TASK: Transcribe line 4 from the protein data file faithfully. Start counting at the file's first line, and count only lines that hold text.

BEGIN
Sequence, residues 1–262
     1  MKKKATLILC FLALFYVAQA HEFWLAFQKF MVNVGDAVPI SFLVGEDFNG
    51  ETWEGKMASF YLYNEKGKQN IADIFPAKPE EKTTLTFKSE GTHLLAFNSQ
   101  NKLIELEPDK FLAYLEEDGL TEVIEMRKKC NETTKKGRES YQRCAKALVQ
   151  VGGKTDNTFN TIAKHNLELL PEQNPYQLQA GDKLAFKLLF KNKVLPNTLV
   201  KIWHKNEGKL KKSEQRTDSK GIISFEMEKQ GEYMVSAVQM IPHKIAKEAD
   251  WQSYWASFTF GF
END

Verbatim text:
   101  NKLIELEPDK FLAYLEEDGL TEVIEMRKKC NETTKKGRES YQRCAKALVQ